Politico is reporting on its Political Intelligence Blog that Vice President Joe Biden, subbing for President Obama who is at the G-8 economic summit in Italy, formally announced the latest deal with the industry. "The nation's hospitals have tentatively agreed to forego about $155 billion in government payments for Medicaid and Medicare over the next decade -- about 20 percent of the $1 trillion projected to be needed to extend health coverage to about 47 million uninsured Americans."
"The deal follows some concessions by pharmaceutical firms, [and] retail giant Wal-Mart's announcement last week that it would support an employer requirement to help pay for healthcare. The Obama team hopes such agreements build momentum for sweeping healthcare changes; the president wants to sign a bill this year" (Rhee, 7/8).
The Associated Press reports that Biden made the announcement at the White House with hospital administrators and Health and Human Services Secretary Kathleen Sebelius (Alonso-Zaldivar, 7/8).
According to the Washington Post, "the hospital agreement, like an earlier one that Obama's administration reached with the pharmaceutical industry, is contingent upon the passage of a broad-based plan that would place new burdens on all of the players in the health-care field.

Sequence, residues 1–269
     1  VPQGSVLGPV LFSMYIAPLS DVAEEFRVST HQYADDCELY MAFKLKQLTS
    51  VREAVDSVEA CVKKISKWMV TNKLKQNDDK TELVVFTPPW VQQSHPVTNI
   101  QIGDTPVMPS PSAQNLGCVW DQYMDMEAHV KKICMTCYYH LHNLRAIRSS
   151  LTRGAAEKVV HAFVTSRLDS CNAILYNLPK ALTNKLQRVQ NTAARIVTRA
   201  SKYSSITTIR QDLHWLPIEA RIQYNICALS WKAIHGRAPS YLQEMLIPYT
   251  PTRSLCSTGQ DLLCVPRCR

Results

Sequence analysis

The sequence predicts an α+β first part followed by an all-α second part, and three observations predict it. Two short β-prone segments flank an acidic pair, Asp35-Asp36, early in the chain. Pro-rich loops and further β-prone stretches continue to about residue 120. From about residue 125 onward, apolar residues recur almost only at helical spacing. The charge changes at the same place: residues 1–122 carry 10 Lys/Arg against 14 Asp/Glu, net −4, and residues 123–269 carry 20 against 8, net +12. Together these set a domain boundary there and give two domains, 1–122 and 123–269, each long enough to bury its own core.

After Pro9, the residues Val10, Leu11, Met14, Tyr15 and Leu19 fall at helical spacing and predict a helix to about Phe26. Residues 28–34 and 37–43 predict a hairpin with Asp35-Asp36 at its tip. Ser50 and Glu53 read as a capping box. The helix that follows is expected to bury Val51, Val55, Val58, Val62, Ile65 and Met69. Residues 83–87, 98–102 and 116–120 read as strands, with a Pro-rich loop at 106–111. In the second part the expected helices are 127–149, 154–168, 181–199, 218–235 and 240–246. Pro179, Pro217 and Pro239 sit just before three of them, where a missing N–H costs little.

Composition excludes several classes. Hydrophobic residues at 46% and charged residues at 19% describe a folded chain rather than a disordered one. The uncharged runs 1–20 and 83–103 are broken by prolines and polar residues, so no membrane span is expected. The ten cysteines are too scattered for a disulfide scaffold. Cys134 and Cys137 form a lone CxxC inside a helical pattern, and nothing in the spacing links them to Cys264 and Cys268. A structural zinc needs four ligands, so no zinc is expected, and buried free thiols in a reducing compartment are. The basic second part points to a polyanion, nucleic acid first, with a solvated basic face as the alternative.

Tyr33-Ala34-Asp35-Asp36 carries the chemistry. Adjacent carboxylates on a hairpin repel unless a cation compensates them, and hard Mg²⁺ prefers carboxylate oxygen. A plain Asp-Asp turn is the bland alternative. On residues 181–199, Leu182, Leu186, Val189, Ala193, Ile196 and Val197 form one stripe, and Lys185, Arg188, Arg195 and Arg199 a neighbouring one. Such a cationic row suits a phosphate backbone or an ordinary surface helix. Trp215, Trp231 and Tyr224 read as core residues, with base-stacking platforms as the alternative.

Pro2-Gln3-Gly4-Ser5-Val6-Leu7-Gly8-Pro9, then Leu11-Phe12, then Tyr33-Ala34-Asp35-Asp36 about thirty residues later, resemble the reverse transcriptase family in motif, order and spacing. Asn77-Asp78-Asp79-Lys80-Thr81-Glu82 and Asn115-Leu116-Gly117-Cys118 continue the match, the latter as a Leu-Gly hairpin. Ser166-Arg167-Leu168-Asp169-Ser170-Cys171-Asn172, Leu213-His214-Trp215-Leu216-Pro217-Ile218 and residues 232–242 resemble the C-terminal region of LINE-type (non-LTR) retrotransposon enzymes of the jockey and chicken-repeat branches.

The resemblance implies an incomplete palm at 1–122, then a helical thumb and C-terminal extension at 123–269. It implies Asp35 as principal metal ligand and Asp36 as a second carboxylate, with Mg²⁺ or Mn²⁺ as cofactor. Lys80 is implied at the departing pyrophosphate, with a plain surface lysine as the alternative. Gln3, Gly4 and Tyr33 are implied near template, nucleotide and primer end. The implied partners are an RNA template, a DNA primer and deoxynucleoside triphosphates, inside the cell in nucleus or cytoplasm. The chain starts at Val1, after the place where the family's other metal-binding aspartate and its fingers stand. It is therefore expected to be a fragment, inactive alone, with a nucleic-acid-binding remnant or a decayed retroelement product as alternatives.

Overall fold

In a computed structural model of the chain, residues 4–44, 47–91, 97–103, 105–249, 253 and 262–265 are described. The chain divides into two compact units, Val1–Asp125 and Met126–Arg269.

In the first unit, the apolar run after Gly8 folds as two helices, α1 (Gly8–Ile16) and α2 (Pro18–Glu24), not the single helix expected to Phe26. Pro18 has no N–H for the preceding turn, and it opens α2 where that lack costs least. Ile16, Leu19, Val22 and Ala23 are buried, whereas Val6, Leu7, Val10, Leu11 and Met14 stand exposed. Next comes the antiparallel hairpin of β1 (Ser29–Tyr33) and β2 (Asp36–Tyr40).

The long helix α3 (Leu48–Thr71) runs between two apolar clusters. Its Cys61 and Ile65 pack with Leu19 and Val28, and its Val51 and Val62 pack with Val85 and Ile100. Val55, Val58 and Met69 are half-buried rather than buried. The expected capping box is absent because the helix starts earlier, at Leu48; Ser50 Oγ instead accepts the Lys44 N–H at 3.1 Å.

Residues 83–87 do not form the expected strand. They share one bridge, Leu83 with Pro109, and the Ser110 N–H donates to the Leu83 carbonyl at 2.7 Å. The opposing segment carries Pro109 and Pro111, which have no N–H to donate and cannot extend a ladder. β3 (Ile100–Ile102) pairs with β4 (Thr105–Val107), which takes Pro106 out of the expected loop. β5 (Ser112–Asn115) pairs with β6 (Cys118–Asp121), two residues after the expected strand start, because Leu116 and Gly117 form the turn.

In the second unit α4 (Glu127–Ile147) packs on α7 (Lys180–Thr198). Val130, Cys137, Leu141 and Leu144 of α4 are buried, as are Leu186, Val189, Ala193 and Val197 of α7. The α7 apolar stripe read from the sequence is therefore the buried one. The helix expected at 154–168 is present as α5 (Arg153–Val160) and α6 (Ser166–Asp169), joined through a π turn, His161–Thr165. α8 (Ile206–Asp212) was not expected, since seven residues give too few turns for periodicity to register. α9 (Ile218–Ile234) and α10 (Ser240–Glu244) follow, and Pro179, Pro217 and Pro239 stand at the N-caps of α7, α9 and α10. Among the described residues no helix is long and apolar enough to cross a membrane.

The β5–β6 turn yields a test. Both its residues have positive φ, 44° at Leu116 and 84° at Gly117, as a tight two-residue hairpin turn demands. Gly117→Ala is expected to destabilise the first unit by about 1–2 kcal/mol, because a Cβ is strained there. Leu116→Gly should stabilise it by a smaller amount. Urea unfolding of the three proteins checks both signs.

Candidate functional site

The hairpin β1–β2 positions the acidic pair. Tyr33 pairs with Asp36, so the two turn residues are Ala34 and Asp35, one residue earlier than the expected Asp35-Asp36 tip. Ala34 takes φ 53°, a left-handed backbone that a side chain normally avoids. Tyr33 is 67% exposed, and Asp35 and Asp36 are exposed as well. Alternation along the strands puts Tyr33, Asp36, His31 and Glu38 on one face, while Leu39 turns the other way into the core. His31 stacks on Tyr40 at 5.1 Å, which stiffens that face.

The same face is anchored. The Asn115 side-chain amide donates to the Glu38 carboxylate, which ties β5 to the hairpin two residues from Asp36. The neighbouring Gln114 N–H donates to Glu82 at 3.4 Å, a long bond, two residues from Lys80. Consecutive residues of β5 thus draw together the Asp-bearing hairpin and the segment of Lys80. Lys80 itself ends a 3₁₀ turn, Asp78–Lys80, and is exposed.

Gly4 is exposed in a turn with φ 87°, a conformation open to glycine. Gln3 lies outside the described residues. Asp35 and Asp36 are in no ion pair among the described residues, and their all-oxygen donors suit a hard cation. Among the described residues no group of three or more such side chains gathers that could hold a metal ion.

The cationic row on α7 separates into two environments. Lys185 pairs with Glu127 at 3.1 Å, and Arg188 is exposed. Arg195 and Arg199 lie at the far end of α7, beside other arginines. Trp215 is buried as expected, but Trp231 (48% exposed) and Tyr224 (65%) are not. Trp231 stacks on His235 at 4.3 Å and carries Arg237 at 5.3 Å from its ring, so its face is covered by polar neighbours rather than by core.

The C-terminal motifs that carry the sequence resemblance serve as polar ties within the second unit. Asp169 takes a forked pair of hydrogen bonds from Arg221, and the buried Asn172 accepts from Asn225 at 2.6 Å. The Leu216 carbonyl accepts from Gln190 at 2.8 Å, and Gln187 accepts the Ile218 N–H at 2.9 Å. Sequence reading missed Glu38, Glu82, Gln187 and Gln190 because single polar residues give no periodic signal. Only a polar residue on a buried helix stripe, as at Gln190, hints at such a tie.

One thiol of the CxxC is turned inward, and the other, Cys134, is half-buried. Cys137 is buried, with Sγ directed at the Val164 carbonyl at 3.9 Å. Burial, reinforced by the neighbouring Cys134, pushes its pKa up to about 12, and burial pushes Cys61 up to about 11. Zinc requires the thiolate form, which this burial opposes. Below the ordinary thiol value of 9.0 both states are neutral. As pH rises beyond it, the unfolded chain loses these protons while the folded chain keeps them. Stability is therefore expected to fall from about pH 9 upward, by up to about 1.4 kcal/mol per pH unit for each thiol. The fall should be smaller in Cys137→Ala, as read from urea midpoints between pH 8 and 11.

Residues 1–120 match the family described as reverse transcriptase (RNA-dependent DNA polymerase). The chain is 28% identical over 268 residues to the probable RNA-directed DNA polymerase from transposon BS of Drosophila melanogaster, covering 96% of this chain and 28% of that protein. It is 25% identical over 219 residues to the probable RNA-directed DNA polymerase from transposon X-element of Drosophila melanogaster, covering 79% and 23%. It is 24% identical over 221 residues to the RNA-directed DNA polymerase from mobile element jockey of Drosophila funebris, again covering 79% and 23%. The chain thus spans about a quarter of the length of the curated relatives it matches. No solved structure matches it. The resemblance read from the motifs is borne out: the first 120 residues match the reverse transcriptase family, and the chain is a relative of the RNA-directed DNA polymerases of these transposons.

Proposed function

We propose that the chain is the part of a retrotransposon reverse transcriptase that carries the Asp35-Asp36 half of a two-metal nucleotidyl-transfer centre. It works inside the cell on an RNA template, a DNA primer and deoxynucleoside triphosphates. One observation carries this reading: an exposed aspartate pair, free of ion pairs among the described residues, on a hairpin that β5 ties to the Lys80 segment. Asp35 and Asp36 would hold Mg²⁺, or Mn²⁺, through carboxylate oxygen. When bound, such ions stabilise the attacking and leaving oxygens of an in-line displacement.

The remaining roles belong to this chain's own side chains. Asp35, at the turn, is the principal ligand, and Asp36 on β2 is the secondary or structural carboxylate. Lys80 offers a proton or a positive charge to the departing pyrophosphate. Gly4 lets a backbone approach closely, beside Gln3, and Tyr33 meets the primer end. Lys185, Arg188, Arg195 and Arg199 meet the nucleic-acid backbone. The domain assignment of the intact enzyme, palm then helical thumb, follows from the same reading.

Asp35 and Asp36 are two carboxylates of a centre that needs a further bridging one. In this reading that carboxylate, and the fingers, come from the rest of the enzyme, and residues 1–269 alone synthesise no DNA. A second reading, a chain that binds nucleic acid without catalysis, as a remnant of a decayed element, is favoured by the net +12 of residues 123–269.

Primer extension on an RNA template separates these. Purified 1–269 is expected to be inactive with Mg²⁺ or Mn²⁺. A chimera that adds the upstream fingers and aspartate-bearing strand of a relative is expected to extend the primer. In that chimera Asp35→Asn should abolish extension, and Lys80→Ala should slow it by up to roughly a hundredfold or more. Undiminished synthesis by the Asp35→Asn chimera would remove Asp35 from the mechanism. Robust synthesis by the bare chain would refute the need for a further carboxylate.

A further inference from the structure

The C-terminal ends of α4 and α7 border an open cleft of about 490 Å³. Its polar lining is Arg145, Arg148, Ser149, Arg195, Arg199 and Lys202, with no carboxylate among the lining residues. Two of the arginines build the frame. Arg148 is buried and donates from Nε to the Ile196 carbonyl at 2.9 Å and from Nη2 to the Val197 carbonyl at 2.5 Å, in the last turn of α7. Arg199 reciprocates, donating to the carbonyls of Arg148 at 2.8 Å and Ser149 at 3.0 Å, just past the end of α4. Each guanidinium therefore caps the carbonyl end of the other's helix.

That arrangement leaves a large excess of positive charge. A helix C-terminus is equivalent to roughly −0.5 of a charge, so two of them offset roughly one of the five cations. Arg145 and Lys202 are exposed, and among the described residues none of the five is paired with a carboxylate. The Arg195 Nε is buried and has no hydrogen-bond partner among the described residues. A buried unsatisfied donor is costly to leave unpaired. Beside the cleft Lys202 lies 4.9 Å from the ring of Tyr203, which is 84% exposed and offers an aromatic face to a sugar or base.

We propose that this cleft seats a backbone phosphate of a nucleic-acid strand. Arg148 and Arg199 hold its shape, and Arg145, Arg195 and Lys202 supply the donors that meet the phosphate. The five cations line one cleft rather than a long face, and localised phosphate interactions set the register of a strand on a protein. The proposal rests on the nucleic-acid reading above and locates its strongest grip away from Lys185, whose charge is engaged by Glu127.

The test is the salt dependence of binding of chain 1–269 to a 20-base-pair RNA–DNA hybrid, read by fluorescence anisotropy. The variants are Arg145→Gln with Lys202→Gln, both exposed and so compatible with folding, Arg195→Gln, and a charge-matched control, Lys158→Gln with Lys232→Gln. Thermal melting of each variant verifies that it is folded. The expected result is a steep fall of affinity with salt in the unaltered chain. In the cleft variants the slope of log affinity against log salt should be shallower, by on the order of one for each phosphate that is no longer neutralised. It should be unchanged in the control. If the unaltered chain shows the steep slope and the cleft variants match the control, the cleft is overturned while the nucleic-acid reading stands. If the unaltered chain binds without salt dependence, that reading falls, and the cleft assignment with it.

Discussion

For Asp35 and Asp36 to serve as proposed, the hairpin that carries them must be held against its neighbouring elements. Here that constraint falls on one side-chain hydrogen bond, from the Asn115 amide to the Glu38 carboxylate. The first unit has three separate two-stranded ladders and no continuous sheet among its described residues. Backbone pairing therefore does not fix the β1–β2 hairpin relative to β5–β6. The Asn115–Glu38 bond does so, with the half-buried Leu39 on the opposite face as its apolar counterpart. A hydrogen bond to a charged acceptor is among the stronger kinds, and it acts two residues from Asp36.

Richard Umbdenstock, chief executive of the American Hospital Association, made that caveat clear today with a blunt warning to the reporters assembled in the Eisenhower Executive Office Building. He said his association is committed to "coverage for all, paid for by all. And hospitals are ready to do our part. But so must all the other stakeholders."
The Post also notes that this "warning was a reminder that while Obama has so far achieved surprising consensus among industry players who in the 1990s had opposed then-President Bill Clinton's health-reform efforts, their participation and enthusiasm will remain tempered until a final, comprehensive approach is developed" (Shear, 7/8).